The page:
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# How Mathematical Expressions Are Treated In the Script Language Of RP Photonics Software

Today, I would like to give you some insight on how our software works internally in the context of mathematical expressions, handled by our script language. Although as a user you do not need to know such things, it may be interesting to look behind the scenes.

When you generate some plot, you might use some code like the following e.g. in RP Fiber Power:

diagram 1:
"Amplifier Gain vs. Pump Power"
x: 0, 400
"pump power (mW), @x
y: 0, 30
"amplifier gain (dB)", @y
f: (set_P_in(pump, x * mW); 10 * lg(P_out(signal) / P_s_in))

The last line defines the plot, which is based on a mathematical expression. For each <$x$> position, its evaluation will imply that the pump power is set, the new signal output power is calculated, and the gain in decibels is calculated from that power.

But how is that really done? Obviously, the program must be able to read mathematical expressions, for example, understand their structure, store them in some suitable form, and evaluate them later on as needed. What is really does:

• When a mathematical expression is read, its details are stored in the form of a tree structure. For example, if the expression is sin(pix), the expression has a node for the sine function. That function, having a single argument, points to a “” node (multiplication). That one has two operands, i.e., points to two other nodes: one with the constant <$\pi$>, another one with the variable x. Here, x is actually a parameter, the value of which will be stored on a stack (rather than the table of global variables). See the illustration on the right side.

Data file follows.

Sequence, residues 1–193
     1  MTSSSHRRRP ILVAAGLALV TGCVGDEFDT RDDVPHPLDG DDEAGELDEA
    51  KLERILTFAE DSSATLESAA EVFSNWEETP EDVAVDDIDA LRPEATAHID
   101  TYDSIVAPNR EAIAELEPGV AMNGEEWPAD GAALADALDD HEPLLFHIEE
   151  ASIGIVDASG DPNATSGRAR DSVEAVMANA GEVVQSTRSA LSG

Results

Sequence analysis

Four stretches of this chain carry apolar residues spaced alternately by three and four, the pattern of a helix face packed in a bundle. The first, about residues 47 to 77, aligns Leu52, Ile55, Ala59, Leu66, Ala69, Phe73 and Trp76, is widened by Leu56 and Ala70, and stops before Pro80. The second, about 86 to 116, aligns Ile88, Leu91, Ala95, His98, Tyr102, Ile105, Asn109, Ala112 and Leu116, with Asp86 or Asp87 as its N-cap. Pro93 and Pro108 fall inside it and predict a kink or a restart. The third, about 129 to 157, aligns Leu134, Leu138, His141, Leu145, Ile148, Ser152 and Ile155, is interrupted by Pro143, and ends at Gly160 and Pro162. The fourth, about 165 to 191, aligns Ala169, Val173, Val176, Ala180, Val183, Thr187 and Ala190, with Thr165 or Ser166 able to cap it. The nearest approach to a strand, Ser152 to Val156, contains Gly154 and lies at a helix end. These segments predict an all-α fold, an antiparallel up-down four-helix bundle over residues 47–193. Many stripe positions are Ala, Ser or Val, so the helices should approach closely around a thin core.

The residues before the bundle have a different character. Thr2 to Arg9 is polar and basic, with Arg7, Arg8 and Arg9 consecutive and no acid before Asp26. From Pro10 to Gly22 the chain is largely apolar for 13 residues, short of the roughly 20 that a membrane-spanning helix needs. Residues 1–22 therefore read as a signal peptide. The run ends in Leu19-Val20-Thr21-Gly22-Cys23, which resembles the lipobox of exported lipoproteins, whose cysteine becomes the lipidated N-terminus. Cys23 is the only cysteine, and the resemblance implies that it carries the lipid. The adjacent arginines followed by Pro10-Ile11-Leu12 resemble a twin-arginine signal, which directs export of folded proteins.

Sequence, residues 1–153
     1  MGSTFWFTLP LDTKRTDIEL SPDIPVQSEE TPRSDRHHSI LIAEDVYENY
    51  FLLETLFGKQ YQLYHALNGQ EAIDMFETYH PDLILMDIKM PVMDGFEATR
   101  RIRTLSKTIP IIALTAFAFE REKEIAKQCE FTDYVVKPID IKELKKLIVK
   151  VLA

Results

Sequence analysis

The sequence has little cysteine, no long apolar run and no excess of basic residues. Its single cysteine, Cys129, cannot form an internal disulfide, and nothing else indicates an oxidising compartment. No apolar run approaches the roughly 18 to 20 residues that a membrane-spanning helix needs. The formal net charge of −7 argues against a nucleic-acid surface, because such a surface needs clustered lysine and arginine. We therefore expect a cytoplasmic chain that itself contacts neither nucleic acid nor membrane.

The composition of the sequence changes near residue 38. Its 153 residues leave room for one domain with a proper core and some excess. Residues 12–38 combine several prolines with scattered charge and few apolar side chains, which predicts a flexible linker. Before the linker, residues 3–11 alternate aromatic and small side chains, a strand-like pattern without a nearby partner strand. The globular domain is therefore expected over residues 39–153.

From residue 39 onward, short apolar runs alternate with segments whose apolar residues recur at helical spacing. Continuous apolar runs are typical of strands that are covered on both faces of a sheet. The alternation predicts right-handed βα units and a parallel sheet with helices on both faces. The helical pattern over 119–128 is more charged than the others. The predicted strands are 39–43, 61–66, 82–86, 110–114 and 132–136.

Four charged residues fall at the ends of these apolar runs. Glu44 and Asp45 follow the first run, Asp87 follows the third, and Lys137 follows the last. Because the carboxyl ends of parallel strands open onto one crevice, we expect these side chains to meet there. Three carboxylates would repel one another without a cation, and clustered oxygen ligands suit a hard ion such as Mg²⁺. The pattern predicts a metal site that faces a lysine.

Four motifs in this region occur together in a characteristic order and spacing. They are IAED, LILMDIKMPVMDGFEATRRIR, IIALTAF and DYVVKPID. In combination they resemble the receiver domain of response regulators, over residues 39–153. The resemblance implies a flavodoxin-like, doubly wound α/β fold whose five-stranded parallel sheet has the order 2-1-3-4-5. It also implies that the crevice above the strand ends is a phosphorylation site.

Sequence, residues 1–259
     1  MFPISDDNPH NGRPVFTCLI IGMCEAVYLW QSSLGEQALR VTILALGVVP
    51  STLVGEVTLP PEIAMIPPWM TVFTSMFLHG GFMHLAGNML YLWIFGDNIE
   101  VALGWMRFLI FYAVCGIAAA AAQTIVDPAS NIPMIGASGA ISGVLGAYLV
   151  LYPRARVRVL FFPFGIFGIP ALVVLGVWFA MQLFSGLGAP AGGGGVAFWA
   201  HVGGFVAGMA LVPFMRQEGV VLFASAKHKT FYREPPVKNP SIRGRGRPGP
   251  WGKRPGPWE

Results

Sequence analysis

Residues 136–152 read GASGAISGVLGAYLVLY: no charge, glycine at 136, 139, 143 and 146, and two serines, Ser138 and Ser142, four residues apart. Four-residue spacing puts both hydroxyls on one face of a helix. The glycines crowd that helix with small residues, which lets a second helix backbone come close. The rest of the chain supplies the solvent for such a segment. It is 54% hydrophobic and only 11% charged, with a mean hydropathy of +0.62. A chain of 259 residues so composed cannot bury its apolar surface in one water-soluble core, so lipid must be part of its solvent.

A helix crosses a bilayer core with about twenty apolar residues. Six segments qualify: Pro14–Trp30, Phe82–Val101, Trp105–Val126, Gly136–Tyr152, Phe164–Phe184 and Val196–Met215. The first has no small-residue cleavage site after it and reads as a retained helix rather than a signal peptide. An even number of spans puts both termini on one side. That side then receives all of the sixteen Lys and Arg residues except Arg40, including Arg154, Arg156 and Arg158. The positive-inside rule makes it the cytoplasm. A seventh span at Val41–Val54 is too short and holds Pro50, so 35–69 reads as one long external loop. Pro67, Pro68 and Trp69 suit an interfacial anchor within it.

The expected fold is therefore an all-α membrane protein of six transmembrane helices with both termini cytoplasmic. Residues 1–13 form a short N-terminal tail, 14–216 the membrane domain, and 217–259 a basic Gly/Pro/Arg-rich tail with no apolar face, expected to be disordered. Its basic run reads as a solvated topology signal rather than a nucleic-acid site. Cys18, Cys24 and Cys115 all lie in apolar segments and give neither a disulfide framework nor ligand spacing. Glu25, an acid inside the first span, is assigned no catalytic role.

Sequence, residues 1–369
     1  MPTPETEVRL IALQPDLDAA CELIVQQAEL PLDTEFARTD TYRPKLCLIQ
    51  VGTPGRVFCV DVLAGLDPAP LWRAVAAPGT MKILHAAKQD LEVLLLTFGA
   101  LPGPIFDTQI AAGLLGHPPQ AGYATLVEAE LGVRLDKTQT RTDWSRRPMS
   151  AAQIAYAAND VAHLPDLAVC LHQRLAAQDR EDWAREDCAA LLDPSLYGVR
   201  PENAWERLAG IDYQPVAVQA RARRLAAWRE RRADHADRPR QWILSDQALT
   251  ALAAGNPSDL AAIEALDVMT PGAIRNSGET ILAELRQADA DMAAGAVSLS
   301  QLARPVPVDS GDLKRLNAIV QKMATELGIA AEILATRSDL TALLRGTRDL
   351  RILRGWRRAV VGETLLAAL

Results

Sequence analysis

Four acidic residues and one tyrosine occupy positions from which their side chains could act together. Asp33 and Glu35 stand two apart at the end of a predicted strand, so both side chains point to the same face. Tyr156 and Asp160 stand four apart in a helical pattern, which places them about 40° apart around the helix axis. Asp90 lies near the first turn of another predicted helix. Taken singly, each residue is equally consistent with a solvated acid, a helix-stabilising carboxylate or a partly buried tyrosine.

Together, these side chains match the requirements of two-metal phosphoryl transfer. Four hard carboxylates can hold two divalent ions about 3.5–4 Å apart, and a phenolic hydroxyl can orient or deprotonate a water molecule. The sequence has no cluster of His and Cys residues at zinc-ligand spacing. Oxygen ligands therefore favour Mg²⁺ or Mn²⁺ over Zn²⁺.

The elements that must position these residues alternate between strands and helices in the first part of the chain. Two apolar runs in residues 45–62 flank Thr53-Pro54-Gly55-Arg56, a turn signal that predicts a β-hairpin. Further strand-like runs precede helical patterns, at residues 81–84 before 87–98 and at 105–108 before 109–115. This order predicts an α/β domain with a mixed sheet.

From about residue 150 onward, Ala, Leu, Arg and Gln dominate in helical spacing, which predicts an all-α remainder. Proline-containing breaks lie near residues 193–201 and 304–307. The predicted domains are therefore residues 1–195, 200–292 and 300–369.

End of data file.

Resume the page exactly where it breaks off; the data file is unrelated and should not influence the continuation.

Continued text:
• Later on, when the plot is made, that structure can be evaluated efficiently. For each x value, the corresponding value is put on the stack. Then, the “sin” node is asked to return its result. Of course, it takes the value of is argument, calculates the sine, and returns that. Its argument, the “*” node, itself calls for the two operand values and returns their product.

Of course, that was only a simple example. You can imagine that there are more complicated types of nodes – for example, for functions with multiple arguments and parameters (doing integrations), blocks of expressions with constants and local variables, etc. There are around 130 standard functions for the arithmetics. In addition, there are many additional predefined functions for the physics. In RP Fiber Power, for example, there are 247 functions, for example for defining and modifying a fiber amplifier or laser model and for retrieving calculated results.

You can easily imagine that it takes some time to implement all that – and why our competitors don't just equip their products with a script language as well! It surely takes more than Friday afternoon to do such a thing. However, the script language is the key for absolutely flexible use of our software: the end user can program anything himself or herself, without having to deal with the source code. For example, the user can define any kind of plot – not only select one of those which we anticipated.

You may wonder how the speed of script evaluation compares with direct programming, e.g. with Delphi (the development system we use). When some complex mathematical expressions are evaluated, it is several times slower. However, note that most of the computation time is often spent within predefined functions, where plain Delphi-generated code is executed. For example, one may need some Fourier transforms (FFT algorithm) in a script, and these are of course not implemented with script code, but with a predefined function, which works quite efficiently. Therefore, the speed of execution is in practice often not much lower than if you would implement all the things directly with Delphi, C++ or C#. And your speed and efficiency is certainly much higher. This is what counts in the end, of course.

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